• Identify your stress levels- Chronic or unmanaged stress can have severe consequences on your health. Are you constantly feeling worried or feeling tired? If you pinpoint the source and identify your stress levels, you will be better positioned to manage stress and recover from burnout.

  • Notice physical symptoms- Burnout can manifest in physical symptoms such as fatigue, lack of sleep, forgetfulness, unexplained muscle pain, and difficulty maintaining personal and professional relationships. By noticing physical and common symptoms of burnout, you understand the signals your body is trying to send.

  • Pinpoint the source– Exploring the contributors of stress is very important for burnout recovery. Burnout is usually related to demanding job and professional factors, but you can also potentially experience burnout when managing different schedules or tasks, dealing with personal problems, or having to care for a loved one with a serious health condition. Trying to do everything on your own can cause emotional exhaustion and lead to burnout faster. Pinpoint the source of your burnout and you can figure out burnout recovery.

  • Talk to someone- Burnout can be so overwhelming and exhausting that you may not be able to address it individually. Burnout prevention is also rare since we may not be even aware that we are inching toward complete burnout. By reaching out to a loved one you can feel supported and rediscover joy. Friends, family members, mentors, managers, and partners can help you brainstorm other strategies to tackle burnout. They also know you well enough to notice common symptoms that others may have ignored. While different personality traits may handle burnout differently and not everyone will feel comfortable enough to talk about their health, you never know what might help.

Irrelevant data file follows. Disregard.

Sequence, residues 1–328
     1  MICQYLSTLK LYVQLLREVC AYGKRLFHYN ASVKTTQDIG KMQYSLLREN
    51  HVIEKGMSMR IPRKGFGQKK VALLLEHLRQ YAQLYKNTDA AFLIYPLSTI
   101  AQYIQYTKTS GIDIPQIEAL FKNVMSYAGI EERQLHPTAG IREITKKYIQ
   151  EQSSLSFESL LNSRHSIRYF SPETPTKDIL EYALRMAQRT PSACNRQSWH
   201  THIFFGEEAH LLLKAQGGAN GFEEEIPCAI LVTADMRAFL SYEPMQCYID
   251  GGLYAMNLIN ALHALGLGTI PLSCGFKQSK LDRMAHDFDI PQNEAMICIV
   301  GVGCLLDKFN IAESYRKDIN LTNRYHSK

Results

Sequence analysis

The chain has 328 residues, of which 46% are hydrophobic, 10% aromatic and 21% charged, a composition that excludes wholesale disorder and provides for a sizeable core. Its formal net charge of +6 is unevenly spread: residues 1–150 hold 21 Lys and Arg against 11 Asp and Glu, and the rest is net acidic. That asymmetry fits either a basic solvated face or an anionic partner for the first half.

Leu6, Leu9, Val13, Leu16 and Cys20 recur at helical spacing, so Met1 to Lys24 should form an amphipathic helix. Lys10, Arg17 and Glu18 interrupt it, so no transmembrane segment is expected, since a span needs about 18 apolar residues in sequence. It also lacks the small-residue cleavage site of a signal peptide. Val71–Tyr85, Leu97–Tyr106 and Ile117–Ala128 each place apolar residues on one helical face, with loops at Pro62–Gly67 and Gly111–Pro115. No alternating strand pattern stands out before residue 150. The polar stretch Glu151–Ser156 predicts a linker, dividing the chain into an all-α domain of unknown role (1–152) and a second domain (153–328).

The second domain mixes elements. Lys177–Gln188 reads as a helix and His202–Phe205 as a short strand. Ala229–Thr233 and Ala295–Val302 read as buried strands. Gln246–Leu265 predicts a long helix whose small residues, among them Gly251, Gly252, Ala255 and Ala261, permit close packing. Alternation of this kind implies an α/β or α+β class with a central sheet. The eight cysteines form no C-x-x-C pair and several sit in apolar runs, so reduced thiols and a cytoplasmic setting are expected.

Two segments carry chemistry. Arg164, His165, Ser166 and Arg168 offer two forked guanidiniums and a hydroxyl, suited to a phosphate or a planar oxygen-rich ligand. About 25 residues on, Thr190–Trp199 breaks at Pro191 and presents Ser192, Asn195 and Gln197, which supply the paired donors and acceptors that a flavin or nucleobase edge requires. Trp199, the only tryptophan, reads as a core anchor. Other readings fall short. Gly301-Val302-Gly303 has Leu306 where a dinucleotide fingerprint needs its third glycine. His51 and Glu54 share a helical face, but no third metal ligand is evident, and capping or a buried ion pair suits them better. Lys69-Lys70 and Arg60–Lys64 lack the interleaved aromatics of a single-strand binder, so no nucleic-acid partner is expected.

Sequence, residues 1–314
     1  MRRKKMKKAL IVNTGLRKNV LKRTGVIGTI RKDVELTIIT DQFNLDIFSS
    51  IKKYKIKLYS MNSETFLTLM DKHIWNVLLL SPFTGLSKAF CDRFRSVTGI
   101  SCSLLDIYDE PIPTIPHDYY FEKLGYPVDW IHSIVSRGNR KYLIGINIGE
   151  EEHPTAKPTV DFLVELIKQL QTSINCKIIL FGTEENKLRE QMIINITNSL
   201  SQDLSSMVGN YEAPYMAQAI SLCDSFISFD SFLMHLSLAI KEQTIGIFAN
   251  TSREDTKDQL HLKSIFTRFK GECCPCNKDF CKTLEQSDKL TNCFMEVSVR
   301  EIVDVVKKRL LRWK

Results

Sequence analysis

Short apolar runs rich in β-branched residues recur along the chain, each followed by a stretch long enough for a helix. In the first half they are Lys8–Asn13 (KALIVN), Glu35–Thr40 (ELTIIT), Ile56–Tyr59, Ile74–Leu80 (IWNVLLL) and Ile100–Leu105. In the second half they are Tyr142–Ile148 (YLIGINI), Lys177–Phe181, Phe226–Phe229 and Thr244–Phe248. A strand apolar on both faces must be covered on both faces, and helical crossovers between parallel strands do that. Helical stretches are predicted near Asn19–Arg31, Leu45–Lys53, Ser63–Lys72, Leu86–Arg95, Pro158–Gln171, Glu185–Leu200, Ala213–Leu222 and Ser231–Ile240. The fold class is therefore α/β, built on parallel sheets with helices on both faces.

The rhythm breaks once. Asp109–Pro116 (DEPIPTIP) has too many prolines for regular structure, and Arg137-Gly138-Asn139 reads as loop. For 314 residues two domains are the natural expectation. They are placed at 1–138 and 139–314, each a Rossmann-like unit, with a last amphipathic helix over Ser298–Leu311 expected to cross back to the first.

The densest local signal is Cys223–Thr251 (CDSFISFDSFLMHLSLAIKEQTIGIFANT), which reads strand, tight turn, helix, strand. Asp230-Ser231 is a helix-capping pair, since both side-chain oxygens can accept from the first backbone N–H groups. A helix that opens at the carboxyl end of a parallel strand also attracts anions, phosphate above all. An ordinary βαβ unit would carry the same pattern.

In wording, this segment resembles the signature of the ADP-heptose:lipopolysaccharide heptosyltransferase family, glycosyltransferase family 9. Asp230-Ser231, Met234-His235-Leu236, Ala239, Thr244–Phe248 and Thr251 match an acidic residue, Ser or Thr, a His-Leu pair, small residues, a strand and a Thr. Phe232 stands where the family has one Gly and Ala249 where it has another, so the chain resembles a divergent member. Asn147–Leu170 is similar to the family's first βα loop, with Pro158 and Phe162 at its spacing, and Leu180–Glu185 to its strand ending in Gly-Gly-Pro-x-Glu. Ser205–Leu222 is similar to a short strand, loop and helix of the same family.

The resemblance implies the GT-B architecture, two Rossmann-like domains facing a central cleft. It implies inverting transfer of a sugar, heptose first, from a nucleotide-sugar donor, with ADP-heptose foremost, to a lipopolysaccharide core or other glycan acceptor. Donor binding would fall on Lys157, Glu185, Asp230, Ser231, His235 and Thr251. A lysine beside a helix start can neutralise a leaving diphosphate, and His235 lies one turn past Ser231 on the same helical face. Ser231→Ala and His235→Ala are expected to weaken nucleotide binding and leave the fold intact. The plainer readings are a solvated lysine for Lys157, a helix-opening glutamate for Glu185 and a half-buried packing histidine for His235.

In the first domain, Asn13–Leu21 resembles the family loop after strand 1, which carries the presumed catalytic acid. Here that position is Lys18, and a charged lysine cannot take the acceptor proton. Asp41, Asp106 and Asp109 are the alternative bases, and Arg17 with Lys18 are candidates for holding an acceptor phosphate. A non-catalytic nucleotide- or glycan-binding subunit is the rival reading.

• Take charge- An important part of burnout recovery is taking back control of your life and emotions. External factors may have contributed to burnout, and you blame those factors, feeling helpless and powerless. For those looking to recover from burnout, you have to take charge of how you deal with stress. Delegate the tasks that you can so it leaves you time to focus on personal health. You also have to put yourself first and be firm about your needs and emotions.

  • Setting boundaries- One of the mistakes people make is accepting commitments that can overwhelm them. Before you agree to take on the responsibility or accept an invitation, pause and take a moment. Consider what will be required of you if you agree. Review the impact it may have on your existing schedule, relationships, workload, and emotions. Does taking this additional task/responsibility add considerable value to your life? Does it help improve your life? People who successfully recover from burnout know how to say no. They understand that you can’t pour from an empty cup.

  • Get professional help- Burnout can give rise to feelings of hopelessness, and despair, and also potentially lead to depression. The road to recovery from burnout is not simple and doesn’t involve easy cures like more exercise or deep breathing. While those strategies play an important role in supporting your recovery, you need more than just that to achieve good health. Getting professional help such as therapy will allow you the necessary professional guidance and insight you need to identify causes, understand stress management techniques, and navigate life challenges. You can also consult a therapist to help you develop a recovery training program.

It is possible to recover from burnout and get back to feeling like yourself. You have to get rid of the hustle mentality and illusion that burnout is the price you pay for success. If you are an employer, you need to put your people first and give them the tools they need to succeed.

This document is intended to act as general information. It does not constitute as medical advice. Please consult a qualified professional for any medical advice or information.